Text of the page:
Harmonic Bars

The harmonic bars are the basic fingerprint of a sound in Sine Machine.

Each bar represents a harmonic. The height is the volume of the harmonic.

To specify the volume of the fundamental frequency, change the blue bar on the far left.

You can change any harmonic in the harmonic series up to the 32nd harmonic. This “basic shape” gets applied to every note you play.

Note: The max volume of any given harmonic is 1/f, where f is the harmonic number.

Harmonics above the 32nd

You sometimes see additive synths that give you amplitude control over the 64th or 128th or even 256th partials. Wow! So much power!

This sounds cool on paper, but is misleading can even be unhelpful musically.

Psychoacoustic research consistently demonstrates that the lower the harmonic, the more it “matters” to the DNA of a sound. In most cases, editing the 63rd partial is probably going to be a waste of your time.

In fact, we can’t even individually hear harmonics after the 5-10th (depending on training). Andrew Oxenham says it best:

The higher-numbered harmonics, which do not produce individual peaks of excitation and cannot typically be heard out, are often referred to as being “unresolved.” The transition between resolved and unresolved harmonics is thought to lie somewhere between the 5th and 10th harmonic…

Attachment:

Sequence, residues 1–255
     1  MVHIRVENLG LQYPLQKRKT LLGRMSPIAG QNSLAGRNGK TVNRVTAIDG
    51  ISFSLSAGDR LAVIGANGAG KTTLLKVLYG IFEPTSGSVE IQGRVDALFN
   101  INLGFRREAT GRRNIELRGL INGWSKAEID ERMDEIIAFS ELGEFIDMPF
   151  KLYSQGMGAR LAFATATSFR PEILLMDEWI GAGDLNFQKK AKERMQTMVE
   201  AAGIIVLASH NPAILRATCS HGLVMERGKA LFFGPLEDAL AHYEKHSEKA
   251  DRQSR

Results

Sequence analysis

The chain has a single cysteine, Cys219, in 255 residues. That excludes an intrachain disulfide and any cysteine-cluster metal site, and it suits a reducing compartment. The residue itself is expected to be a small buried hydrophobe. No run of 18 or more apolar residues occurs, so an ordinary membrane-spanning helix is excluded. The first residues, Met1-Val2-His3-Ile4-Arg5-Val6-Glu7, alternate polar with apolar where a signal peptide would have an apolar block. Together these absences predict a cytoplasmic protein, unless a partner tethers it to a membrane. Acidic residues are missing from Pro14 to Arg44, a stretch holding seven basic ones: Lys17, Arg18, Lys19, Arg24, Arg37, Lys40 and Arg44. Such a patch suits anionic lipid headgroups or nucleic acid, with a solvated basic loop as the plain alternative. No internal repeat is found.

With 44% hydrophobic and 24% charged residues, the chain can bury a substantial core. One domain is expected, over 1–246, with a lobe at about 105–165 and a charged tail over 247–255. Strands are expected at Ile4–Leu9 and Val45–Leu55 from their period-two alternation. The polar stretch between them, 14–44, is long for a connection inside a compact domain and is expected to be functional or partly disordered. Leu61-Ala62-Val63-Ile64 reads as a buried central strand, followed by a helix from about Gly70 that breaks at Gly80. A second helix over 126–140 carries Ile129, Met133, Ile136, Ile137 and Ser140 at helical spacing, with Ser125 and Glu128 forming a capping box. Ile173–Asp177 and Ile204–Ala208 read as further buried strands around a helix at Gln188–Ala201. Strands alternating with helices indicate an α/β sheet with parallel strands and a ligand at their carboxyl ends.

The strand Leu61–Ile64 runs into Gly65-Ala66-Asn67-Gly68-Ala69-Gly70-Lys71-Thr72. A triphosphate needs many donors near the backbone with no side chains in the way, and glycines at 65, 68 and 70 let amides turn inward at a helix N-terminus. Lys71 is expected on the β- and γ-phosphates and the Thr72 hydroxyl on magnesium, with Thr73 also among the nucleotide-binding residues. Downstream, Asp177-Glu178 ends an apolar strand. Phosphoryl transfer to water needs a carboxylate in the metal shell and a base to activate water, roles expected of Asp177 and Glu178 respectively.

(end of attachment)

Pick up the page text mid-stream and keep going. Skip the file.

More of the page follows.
If we let you edit up to 256 partials, then we’d be presenting you with individual control for 246 partials that people can’t even individually distinguish. Worse, it would make it hard to to edit those first 5 or 10 very important partials.

However, we do want our sounds to go up to nyquist, so Sine Machine extrapolates all odd harmonics from the 31st partial and even harmonics from the 32nd partial.

Harmonic Amplitude Scaling

Humans enjoy tonal sounds that have most energy at lower harmonics.

This is in part because our hearing is optimized for the human speaking voice range of 1-5khz. This means that lower frequencies have to be much louder to be perceived as “the same volume”.

Equal loudness care of Wikipedia

Again lot of additive synths make the mistake of giving you the same volume scaling for each harmonic. This means, most of the time, higher harmonics will end up much louder than we’re used to hearing them in music and nature, resulting in very harsh screechy sounds.

To mitigate this, Sine Machine scales the maximum amplitude for any given harmonic to 1/f where f is the number of the harmonic.

This means the 2nd harmonic’s volume is scaled down by 1/2, the third harmonic by 1/3 etc.

What does this mean, exactly? It means with all bars at their maximum value, you will get a sawtooth wave.

If you do want to create harsher sounds with higher harmonics, you can turn down the lower harmonics.